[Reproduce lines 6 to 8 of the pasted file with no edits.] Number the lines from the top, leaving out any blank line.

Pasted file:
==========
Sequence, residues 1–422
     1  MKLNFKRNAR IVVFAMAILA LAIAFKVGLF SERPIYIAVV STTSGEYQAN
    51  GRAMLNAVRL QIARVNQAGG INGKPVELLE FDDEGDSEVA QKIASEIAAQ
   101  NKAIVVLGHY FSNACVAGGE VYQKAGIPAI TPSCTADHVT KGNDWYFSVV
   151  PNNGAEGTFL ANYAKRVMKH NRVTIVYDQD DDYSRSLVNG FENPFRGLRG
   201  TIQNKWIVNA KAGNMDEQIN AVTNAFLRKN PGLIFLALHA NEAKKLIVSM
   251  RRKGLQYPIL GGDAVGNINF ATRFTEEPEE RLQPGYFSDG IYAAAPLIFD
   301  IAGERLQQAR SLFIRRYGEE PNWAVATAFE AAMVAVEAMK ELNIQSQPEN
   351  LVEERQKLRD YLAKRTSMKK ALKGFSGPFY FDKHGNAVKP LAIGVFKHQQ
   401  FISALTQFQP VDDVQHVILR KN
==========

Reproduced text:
   201  TIQNKWIVNA KAGNMDEQIN AVTNAFLRKN PGLIFLALHA NEAKKLIVSM
   251  RRKGLQYPIL GGDAVGNINF ATRFTEEPEE RLQPGYFSDG IYAAAPLIFD
   301  IAGERLQQAR SLFIRRYGEE PNWAVATAFE AAMVAVEAMK ELNIQSQPEN